July 17th, 2011

Harry Potter And The Deathly Boredom

Man, Rome Girl and I are huge Harry Potter fans and went and saw the new Harry Potter film in English and 3D at the super duper upscale movie theater in the Place de la Comedie and we wanted to love this film and just couldn't.

God - this film was so fucking "meh" - neither bad nor good.

The main problem is - "Why the fuck was this film in 3D????"

With the exception of the Voldemort death they don't do anything interesting with the 3D at all. And, it was not for lack of chances. There are tons of scenes that would have benefited from cool 3D effects.

For example - every scene involving the dragon, the snake or the weird roller coaster in the bank. In at least one of those scenes one of those objects should have jumped out of the screen into my face.

Let me put it this way - before the movie started Haribo had a 3D ad for gummy bears that used 3D more effectively than anything in the Harry Potter movie - and I'm guessing that the Harry Potter movie had more money to pay for creative people than a candy company did.

In other words if you want to see the Harry Potter film and your local theater gives you the choice between 2D or 3D don't pay the extra money for the 3D.

What this film did do for me is remind me why I was so annoyed by the second half of the last Harry Potter book. I can't blame the film makers for most of the flaws in this film. They are just using the source material.

In the first six books Hermione and Ron are built up as the most important characters other than Harry. Therefore in the film they get second and third billing.

But, they don't have very much to do in this book so they end up just sitting in the frame in lots of scenes and kind of being like "Hey, we are characters you like and we are still here! Sorry that other characters that you were less invested in get to do the things that advance the plot - but at least you see us in the frame!"

What I do blame the producers for is completely ignoring and not showing Ginny organizing the underground revolt at Hogwarts - because without that Harry suddenly realizing he loves her makes no sense.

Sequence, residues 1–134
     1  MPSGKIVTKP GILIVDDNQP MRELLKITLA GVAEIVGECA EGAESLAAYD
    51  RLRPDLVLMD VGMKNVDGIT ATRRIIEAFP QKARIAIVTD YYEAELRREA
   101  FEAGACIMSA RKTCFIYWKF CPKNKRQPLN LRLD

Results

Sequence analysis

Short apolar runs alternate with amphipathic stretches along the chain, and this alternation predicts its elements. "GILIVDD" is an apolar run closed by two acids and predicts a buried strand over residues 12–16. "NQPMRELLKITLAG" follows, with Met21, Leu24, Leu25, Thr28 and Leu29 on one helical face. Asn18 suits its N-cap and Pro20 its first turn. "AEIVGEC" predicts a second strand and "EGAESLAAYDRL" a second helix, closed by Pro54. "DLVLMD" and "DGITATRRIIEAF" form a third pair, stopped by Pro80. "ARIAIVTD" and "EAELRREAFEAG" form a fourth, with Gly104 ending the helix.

And the Bellatrix Lestrange death scene should have been much more dramatic than it was given that she's pretty much the most interesting villain other than He Who Can Not Be Named.

Anyway, overall I give it a B-Minus when I've given every other Harry Potter film an A-Plus.


John Carpenter's The Thing

After dinner last night Rome Girl and I downloaded John Carpenter's The Thing. I hadn't seen it in about a decade and I'm glad I got motivated to check it out again.

It's everything the last Harry Potter film isn't. It moves forward at a steady pace, explains exactly what it needs to explain and leaves some stuff up in the air and creates a feeling of menace that lingers for hours after you are done with it.

Best of all, unlike a lot of the new horror films it takes its time. Carpenter trusts that the audience doesn't need a gotcha moment every four minutes. It's every bit as gory as a Saw film, but the moments of gore and revulsion come out at you when you don't expect it and are true grotesque.

Anyway, just figured I'd throw that out there for anyone who hasn't seen The Thing. It's an oldie but a goodie.

Bad Blood

An interesting debate has broken out on Gawker.

The deal is that a straight guy in the United States tried to give blood and was turned down because he "looked gay." Now, the debate isn't about that. It's about the fact that men who have had sex with men even once since 1978 can't give blood ever (which pretty much means no gay or bisexual man in America can give blood.)

One side says that's a bullshit rule because blood is screened anyway and straight people can get HIV just as easily as gay people and if you've been tested you should be able to give blood no matter who you fuck.

The other side says that the HIV screening for blood is far from perfect and there is a risk/reward ratio going on. Yes, blood centers need more blood, but the chances of infected blood getting through would rise quite a bit if gay/bisexual men where allowed to give blood. One commentator who claims to be a doctor says this: "A UK study found that instituting a 10 year deferral policy (basically, excluding any man who has had sex with men within 10 years) would only increase the risk of HIV entering the blood supply by 2%. The same study found that decreasing the deferral period to 1 year increases the risk by 60%, and completely removing the discriminatory policy increases the risk by 500%."

What do you think?

Poll #1762366 Bad Blood

Should Gay/Bisexual Men Be Allowed To Give Blood?

Other I Will Explain